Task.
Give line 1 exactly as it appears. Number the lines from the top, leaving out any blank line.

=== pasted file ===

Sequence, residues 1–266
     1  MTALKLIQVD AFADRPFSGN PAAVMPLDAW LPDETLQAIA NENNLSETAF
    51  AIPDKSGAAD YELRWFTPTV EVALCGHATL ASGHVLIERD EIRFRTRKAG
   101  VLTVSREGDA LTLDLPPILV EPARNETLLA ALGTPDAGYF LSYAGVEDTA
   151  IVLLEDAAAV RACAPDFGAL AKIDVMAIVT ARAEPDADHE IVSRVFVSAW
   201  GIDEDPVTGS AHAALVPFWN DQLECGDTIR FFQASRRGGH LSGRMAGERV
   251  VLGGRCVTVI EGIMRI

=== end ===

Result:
Sequence, residues 1–266